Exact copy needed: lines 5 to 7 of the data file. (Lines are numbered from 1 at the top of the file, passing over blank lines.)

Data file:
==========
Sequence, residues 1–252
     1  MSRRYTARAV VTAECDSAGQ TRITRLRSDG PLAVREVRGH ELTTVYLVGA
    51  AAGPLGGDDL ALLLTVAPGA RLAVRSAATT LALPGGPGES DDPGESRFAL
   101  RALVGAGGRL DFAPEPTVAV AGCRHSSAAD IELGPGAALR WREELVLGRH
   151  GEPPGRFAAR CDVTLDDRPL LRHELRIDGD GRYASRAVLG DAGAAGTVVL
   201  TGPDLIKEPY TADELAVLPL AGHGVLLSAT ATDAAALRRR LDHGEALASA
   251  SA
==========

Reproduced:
   151  GEPPGRFAAR CDVTLDDRPL LRHELRIDGD GRYASRAVLG DAGAAGTVVL
   201  TGPDLIKEPY TADELAVLPL AGHGVLLSAT ATDAAALRRR LDHGEALASA
   251  SA